The Clinton Herald
---- — Recently, the struggles in the River Bend/Fulton High School District have come to my attention.
Due to the fiscal status of the state of Illinois, the school district has been forced to make very difficult budget decisions. However, I became especially concerned when I learned of the dismissal of Jeff Hoese from his positions as Boys’ Sophomore Basketball Coach and Student Council Advisor. I no longer have a child in the school district but due to the efforts of Jeff Hoese both myself and my son, Jared Balk, have many fond memories of just what it means to be a Fulton Steamer.
My son, Jared, was diagnosed with Hodgkins Lymphoma while in his sophomore year at Fulton High School. While a freshman, Jared participated on the freshman basketball team under the direction of Mr. Hoese. My son has often remarked, “Mr. Hoese was one of the best coaches I could have had.” During Jared’s sophomore year however his health began to decline and he was unable to participate in extra-curriculars.
Realizing the stress our family was under, Mr. Hoese through the student council organized a dodgeball tournament benefit to assist in defraying the medical and out-of-pocket expenses not covered under our health insurance program. Our family was so touched by such a fiscally generous and emotionally meaningful action.
Unfortunately, my son encountered another health crisis during the fall of his senior year. The lymphoma had returned and we were devastated. We knew the impact the illness as well as the treatment would have on Jared’s ability to fully participate in the experience of his senior year. We did not know nor could we have ever anticipated the intensity and dedication of Mr. Jeff Hoese to any member of the student body at Fulton High School.
During Homecoming Week, Jared was hospitalized at the University of Iowa Hospitals for his treatment regimen. To say he was devastated to miss out on his last Homecoming would be an understatement. However, behind the scenes, Mr. Jeff Hoese organized the crowning of Jared as Homecoming King. He didn’t stop there for that isn’t in his character. Jeff Hoese brought Homecoming to my son — as also reported by the Clinton Herald at that time. He organized my parents, my sister, and the Homecoming Queen’s presence in Iowa City. A royal first dance was taped and played at the Homecoming festivities at the school. Mr. Hoese also utilized the powers of our social media forums (specifically Skype) to ensure Jared was indeed able to participate in his senior Homecoming Dance. Jared was able to watch and participate in the dance from his hospital room in Iowa City all due to the ingenuity and compassion of Mr. Jeff Hoese.
Jared’s cell phone number was shared with individuals during the Pep Rally so that members of the student body could reach out and connect with Jared via text messaging – so he didn’t feel so alone. So many messages were received, the cell phone was exhausted and collapsed. Happy memory – all due to the efforts and thoughtfulness of one man concerned for a member of the FHS student body in need.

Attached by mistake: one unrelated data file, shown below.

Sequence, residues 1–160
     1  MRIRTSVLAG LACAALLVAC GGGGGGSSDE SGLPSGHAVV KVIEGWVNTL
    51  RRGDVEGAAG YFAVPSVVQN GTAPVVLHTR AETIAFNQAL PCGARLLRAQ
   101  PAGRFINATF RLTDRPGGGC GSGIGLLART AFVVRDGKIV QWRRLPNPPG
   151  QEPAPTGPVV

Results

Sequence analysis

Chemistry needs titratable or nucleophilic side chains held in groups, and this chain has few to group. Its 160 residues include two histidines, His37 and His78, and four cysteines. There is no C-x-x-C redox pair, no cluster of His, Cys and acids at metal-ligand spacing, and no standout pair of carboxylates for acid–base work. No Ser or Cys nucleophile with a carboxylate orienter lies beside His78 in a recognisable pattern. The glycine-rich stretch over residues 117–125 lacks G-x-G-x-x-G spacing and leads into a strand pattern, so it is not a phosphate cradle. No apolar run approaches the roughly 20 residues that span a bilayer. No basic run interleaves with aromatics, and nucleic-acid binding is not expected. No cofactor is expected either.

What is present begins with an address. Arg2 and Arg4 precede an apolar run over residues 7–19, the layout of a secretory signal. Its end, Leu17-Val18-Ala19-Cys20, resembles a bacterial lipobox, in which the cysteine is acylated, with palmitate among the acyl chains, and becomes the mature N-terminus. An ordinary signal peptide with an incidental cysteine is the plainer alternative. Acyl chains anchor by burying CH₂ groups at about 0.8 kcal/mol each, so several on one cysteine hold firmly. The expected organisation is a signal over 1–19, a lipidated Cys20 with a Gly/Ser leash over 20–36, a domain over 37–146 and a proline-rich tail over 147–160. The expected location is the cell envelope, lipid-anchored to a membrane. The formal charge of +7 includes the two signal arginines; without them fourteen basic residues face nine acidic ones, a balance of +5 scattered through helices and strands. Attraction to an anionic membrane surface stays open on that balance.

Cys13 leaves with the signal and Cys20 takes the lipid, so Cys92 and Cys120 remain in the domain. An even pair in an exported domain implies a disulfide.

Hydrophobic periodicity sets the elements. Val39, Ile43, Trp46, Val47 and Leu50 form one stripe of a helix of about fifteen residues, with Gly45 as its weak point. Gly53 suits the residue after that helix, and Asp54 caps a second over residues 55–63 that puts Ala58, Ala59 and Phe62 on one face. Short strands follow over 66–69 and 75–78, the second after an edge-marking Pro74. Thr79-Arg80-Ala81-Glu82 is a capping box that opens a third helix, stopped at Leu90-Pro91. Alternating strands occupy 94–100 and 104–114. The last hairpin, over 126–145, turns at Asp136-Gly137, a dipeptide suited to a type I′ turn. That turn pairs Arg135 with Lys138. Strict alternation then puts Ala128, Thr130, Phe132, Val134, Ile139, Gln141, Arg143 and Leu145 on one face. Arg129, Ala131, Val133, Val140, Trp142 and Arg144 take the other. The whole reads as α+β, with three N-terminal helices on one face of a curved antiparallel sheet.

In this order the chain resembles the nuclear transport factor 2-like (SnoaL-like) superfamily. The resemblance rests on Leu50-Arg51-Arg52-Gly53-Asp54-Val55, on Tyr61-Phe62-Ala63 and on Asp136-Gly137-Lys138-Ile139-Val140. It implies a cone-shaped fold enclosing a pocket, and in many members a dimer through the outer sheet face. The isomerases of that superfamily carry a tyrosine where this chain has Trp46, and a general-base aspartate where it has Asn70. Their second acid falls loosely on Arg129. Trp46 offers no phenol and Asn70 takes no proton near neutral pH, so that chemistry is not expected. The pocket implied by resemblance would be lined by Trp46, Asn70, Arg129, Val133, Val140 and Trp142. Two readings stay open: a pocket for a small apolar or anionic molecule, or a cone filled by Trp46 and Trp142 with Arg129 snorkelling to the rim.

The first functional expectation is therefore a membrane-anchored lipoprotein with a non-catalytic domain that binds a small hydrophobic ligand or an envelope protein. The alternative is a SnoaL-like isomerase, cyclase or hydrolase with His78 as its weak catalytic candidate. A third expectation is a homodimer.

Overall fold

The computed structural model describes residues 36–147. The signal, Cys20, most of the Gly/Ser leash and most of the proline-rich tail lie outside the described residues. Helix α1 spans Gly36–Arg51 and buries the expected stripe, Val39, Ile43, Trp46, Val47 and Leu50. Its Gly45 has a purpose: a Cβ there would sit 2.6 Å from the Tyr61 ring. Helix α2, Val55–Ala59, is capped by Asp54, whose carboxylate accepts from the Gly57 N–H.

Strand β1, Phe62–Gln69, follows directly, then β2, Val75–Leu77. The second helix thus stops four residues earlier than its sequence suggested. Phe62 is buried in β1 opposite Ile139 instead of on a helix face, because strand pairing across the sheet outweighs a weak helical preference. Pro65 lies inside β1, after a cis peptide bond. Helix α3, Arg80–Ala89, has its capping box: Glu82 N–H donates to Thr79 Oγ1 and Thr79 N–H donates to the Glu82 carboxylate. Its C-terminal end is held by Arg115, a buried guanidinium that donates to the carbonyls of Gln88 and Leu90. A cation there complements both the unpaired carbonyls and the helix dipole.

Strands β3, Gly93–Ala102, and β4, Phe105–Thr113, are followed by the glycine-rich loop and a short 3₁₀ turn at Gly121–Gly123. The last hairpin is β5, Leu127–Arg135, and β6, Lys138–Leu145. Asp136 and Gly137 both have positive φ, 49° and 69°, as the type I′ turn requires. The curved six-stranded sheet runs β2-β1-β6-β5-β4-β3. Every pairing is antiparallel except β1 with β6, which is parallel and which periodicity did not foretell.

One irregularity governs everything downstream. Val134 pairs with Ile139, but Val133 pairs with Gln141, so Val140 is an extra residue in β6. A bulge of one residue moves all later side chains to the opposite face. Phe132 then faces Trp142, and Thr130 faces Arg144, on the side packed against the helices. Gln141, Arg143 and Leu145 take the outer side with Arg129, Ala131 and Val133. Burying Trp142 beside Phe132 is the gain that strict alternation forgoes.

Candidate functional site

At the time of these actions, my son wasn’t a basketball player. He wasn’t a member of the Student Council at FHS. My son was a Fulton Steamer and that was all that mattered to Mr. Jeff Hoese. The school district’s web-site proclaims “The school where everyone is someone.”
Mr. Hoese epitomized that mission statement. Therefore, hearing the news of his dismissal from these important leadership roles alarms and gravely concerns me. Given all of his dedication and endless efforts to improve the lives of the students at FHS, what could ever justify removing him from these roles?
A famous quote reads: “The true measure of a man is how he treats someone who can do nothing for him.” The impact of Mr. Jeff Hoese on the life of my son was immeasurable. Speaking out in support of him, his professionalism and his dedication to the Steamer Nation is the least that a very grateful mother’s heart could do.
Oral Cancer awareness
April is National Oral Cancer Awareness Month. Several organizations, including the American Dental Association, have joined forces with the Oral Cancer Foundation to promote awareness and early prevention of this disease.
Approximately 42,000 Americans will be diagnosed with oral or pharyngeal cancer this year and only about half of those diagnosed will be alive in five years. The death rate with this cancer is espeically high because it’s typically not found until it is in its later stages.
Oral cancer generally effects adults over the age of 40 and risk factors including smoking, the use of smokeless tabacco and heavy alcohol consumption. There is now a younger population with this type of cancer and it is being linked to the human papilloma virus 16. This is the same virus that is the cause of many cervical cancers.
Oral cancer can be hard to detect because in early stages it can appear as a small sore in hard-to-view areas of the mouth. Symptoms can include a red or white spot in the mouth that doesn’t heal, a lump or swelling in the mouth or cheek, difficulty swallowing or chewing, and pain or tenderness in the mouth or lips. The most common sites for oral cancer include the floor of the mouth and the tongue — both relatively difficult areas to see.
Routine oral cancer screenings from your dentist are the best way to detect oral cancer. These screenings should be an integral part of preventive care and could save your life. For more information on oral cancer, contact your dentist or go online to oralcancerfoundation.org for details.
Dr. Ann McIntyre is a Clinton dentist practicing at Dr. Dosland and Dr. Miller’s office.